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Fitness Safety Tips for Type 2 Diabetes


If you have diabetes, your blood sugar can fluctuate when you exercise. Get tips on fitness safety to keep glucose levels in range and prevent injury.

Exercise is so beneficial for people with type 2 diabetes that many experts believe doctors should prescribe it like medication. Exercise can help you manage your blood sugar levels and reduce or eliminate your need for insulin. It can also strengthen your heart and lower your risk for heart attack and stroke, both potential diabetes complications.

Even if you’ve been sedentary until now, you can start to exercise with diabetes as long you’re mindful and take some precautions, says Jacqueline Shahar, MEd, RCEP, a certified diabetes educator and manager of exercise physiology at the Joslin Diabetes Center in Boston, Mass.

Exercise and Your Blood Sugar

Checking your blood sugar before and after exercising is your most important fitness safety step. Blood sugar levels can fluctuate depending on how vigorously and how long you exercise or what you ate before you went to the gym or out for a walk. You need to check your blood sugar periodically because you won’t always know when it might be too high or low, says Erica Christ, RD, a certified diabetes educator at the Greenwich Hospital Weight Loss & Diabetes Center in Greenwich, Conn.

If your blood sugar is already high before you exercise, it may go even higher when you exercise. When you work out, your muscles demand more glucose. and your liver responds by releasing it into your bloodstream. If you don’t produce enough insulin, the glucose can back into your bloodstream. That means you should wait for your blood sugar to come back down to a healthy level before exercising.

Exercise can also sometimes cause low blood sugar (hypoglycemia), especially if you exercise for a long time. Never start to exercise if your blood sugar is low. If it goes too low, you could pass out, resulting in a dangerous situation.

If your muscles have used all your blood sugar and you continue to exercise, you will start to burn fat for fuel. Burning fat for fuel can cause substances called ketones to build up in your urine. Signs of ketone buildup include dry mouth, the need to urinate frequently, tiredness, a fruity smell to your breath, flushed skin, stomach pains, difficulty breathing, and trouble concentrating. Testing your urine with special test strips can show when ketones have built up in your body. Don’t exercise if you have any of these symptoms or if you have ketones in your urine. You could develop a serious condition known as ketoacidosis. Instead, you may need more insulin or something to eat before you’re ready to exercise safely.

Talk to your doctor before starting a new exercise routine. Discuss which activities are safe for you given the condition of your blood vessels, joints, feet, eyes, and nervous system — all of which can be affected by diabetes. Your doctor may suggest changes in your medication or the timing of your insulin pills to match your increased activity. If you use an insulin pump, you may need to adjust it for your exercise routine.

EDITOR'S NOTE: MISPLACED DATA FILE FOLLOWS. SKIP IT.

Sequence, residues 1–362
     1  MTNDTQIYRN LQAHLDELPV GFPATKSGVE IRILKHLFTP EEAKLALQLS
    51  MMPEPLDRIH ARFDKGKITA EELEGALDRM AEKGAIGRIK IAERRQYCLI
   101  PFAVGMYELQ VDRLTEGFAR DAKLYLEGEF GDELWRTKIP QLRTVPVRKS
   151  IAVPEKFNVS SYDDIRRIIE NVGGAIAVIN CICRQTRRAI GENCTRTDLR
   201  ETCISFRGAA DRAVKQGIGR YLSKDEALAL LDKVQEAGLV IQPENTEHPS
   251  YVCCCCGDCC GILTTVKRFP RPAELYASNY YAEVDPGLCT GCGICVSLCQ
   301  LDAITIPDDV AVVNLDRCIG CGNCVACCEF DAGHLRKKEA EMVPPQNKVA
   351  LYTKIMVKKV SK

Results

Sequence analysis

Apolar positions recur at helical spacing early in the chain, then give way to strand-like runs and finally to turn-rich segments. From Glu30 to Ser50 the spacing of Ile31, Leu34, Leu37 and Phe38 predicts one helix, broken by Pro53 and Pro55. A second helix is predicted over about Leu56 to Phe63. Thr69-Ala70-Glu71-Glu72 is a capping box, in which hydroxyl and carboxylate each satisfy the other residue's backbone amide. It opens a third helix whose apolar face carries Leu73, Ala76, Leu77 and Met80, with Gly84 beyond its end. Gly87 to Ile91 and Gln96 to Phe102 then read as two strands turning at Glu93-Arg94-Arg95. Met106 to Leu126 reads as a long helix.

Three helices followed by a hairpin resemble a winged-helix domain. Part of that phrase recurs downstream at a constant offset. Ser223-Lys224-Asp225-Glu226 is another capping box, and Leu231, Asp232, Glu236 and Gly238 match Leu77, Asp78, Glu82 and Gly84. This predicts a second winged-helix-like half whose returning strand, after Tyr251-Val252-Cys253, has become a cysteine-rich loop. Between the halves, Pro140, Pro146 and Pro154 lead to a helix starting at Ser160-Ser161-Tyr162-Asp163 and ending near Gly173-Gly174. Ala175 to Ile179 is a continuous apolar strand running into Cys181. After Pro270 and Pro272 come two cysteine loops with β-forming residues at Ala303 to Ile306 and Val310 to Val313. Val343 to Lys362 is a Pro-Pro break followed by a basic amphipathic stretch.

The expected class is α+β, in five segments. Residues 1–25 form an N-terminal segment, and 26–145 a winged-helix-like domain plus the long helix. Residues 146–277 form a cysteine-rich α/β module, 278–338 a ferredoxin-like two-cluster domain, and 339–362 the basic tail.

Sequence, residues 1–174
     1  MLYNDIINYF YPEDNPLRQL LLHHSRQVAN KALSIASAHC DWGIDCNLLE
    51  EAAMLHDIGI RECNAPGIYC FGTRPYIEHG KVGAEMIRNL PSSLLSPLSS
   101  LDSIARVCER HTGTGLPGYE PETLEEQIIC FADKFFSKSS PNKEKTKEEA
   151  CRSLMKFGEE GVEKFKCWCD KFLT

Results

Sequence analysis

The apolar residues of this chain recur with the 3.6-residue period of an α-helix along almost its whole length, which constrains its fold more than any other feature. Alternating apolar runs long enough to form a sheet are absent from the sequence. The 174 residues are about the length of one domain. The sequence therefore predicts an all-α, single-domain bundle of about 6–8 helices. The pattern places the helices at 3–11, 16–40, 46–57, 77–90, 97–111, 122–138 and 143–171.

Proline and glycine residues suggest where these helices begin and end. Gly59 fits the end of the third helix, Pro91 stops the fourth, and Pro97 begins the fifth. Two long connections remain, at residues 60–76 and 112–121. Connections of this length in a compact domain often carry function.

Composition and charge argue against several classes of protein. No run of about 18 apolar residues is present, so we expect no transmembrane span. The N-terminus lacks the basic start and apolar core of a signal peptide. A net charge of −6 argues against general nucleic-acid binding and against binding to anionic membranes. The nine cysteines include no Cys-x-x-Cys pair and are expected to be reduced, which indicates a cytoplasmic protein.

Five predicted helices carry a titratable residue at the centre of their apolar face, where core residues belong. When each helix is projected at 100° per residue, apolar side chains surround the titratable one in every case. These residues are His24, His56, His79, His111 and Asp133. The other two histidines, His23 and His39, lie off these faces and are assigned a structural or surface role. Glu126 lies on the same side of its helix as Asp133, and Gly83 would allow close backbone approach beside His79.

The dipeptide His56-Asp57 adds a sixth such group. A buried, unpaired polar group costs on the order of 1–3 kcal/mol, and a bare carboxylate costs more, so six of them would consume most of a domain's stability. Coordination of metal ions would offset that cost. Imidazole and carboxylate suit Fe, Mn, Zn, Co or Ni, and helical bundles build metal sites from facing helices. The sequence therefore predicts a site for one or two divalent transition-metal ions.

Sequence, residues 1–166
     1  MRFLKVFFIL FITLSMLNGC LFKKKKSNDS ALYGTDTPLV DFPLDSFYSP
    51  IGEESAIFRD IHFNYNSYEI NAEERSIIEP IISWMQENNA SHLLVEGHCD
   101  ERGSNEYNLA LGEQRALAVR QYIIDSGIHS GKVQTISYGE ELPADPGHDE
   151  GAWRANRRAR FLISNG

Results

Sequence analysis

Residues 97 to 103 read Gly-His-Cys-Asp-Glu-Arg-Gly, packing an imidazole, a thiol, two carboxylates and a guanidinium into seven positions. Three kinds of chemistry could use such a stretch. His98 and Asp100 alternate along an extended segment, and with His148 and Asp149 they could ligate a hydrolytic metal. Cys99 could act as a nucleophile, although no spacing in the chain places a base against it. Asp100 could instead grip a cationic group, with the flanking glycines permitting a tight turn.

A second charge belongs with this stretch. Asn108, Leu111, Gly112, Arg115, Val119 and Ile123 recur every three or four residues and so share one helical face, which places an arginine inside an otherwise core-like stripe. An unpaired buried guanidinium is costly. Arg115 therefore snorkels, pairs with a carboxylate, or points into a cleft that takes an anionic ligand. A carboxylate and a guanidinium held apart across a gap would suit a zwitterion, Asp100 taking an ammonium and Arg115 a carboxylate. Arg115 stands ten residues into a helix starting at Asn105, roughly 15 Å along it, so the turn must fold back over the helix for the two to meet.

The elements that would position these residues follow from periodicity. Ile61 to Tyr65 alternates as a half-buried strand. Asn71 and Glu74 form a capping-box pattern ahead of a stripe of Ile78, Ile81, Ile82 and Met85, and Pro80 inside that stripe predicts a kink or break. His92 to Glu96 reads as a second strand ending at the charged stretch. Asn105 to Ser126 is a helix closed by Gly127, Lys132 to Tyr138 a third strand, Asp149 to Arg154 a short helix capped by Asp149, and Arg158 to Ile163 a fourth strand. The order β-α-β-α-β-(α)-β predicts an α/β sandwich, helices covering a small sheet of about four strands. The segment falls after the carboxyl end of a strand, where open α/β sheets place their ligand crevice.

Keep water and snacks handy. You need to stay hydrated when you have diabetes. Becoming dehydrated can affect the concentration of glucose in your blood. Be sure to drink plenty of water before your exercise, while you’re exercising, and after your activity. Because exercise can make blood sugar drop as working muscles demand more blood sugar, have a source of carbohydrate (raisins, hard candy, or glucose tablets) in your pocket or gym bag in case you need it to treat low blood sugar.

Wear a medical ID. Choose a bracelet, necklace, or medical ID tag that identifies you as a person who has diabetes. “If your blood sugar gets too low and you pass out, if you’re wearing an ID bracelet, the people around you will be able to determine that you have diabetes and get you the appropriate help,” Christ says.

Protect your feet. Diabetes can damage your blood vessels and lead to poor circulation. Poor circulation can cause your hands and feet to feel numb or tingly. Protect your feet when you exercise by wearing sneakers that fit well. Treat any blisters, cuts, or calluses immediately. “Be sure to be properly fitted for sneakers before starting an exercise program,” Christ says. And wear good, breathable cotton socks.

Stretch first. To prevent injury, warm up and stretch before you begin your exercise routine. Then take a few minutes to cool down properly afterwards.

Go indoors in the heat. Take extra care in extreme temperatures to avoid dehydration and heat exhaustion. If it’s really hot outside, move your workout indoors. Instead of a mid-day walk or run, head out in the early morning or later in the day when it’s cooler.

Listen to Your Body

If you’re too tired to exercise, then don’t push yourself. No matter how important exercise is to your health, if you’re exhausted, you can be less attentive to safety details and injure yourself. If you’re experiencing pain or discomfort, stop exercising. Work with your doctor to determine what’s causing your discomfort and how to fix it. Following basic fitness safety tips can help keep you healthy and on track with your exercise goals.

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